Hey Pearland!!! You are about to either a) enter a bright new day of easy commuting to downtown Houston, or b) add to our area's smog problem via the addition of more concrete laid down for the rich to use while the less well-off suffer.
It's a matter of perspective, we guess.
State Highway 288 has become one of the stranger commuter roads in Texas with the boom in Pearland and other points south. Rush hours feature unmoving back-ups while drivers look longingly at the massive grassy median between the main lanes, wondering why the hell that property's sitting unused, not even adorned with trees or anything beyond grass.
The good news, if you've been among the "use that median" crowd, is that the Texas Department of Transportation is proposing a plan to do just that. The bad news is that they're looking to use that median for a 26-mile toll road, and TxDOT is not in the business of building any toll roads that are inexpensive for drivers to use.
The other good news, we guess, is that you will get a chance to speak out on all this -- and that includes all the people who think we've got enough highways and mass transit is the answer. (Those folks can speak out and be ignored as they usually are in Texas.)
On March 5 and 7, TxDOT is holding two public hearings on a $1.3 billion plan to improve 288 by building that toll road on the median, building overpasses at some at-grade intersections, improving connections between 288 and 610 and Beltway 8, and also improving access between 288 and the Texas Medical Center. Additional (non-toll) lanes will also be added on the road between 610 and the Beltway.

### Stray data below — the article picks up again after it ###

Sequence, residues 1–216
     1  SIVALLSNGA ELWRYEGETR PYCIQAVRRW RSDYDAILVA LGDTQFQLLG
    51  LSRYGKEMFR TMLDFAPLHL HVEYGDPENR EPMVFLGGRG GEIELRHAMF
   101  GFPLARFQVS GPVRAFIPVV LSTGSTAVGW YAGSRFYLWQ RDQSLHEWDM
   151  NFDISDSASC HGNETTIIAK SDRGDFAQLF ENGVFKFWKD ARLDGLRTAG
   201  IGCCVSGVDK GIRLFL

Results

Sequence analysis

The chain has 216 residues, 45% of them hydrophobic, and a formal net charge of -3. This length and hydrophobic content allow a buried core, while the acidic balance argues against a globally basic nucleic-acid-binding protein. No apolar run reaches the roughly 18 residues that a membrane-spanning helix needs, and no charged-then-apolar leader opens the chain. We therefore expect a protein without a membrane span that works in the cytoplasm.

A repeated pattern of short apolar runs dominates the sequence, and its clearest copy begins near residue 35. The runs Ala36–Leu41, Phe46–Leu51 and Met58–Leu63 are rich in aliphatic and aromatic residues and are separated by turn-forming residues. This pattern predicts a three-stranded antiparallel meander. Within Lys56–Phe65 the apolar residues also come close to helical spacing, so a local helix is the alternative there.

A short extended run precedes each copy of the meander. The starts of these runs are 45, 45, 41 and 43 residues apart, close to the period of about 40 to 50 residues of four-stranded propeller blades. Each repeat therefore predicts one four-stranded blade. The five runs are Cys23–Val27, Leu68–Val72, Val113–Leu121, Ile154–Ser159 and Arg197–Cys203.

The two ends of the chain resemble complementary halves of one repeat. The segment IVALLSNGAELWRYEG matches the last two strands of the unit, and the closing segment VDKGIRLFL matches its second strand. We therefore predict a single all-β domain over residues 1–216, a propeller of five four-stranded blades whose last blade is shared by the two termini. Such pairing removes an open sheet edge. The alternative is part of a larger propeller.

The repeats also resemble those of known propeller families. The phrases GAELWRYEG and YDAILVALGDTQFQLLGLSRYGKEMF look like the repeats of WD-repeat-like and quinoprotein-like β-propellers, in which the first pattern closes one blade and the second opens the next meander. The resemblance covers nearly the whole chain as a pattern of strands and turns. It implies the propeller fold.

The improvements will all be between U.S. 59 and County Road 60.
That's a lot to take on, and TxDOT says its plan to begin construction by 2014 is "dependent upon available funding."
If you like this story, consider signing up for our email newsletters.
SHOW ME HOW
You have successfully signed up for your selected newsletter(s) - please keep an eye on your mailbox, we're movin' in!
"To the degree possible, we would like to deliver as many of the improvements identified in the ultimate design as soon as possible, but funding limitations will mean that phasing the delivery of the improvements will be inevitable," said Mike Alford, TxDOT's Houston District Engineer. "That said, we still have to determine the most viable financial strategy and interim project scope to leverage any public-private partnership related funding that might be available to us."
In other words, they'll probably do the project piecemeal, and hope to get "public-private partnerships" along the way.
The hearings will be from 6 p.m. to 8 p.m. on March 5 at DeBakey High School for Health Professionals, 3100 Shenandoah, and on March 7 at Berry Miller Jr. High, 3301 Manvel Road, Pearland.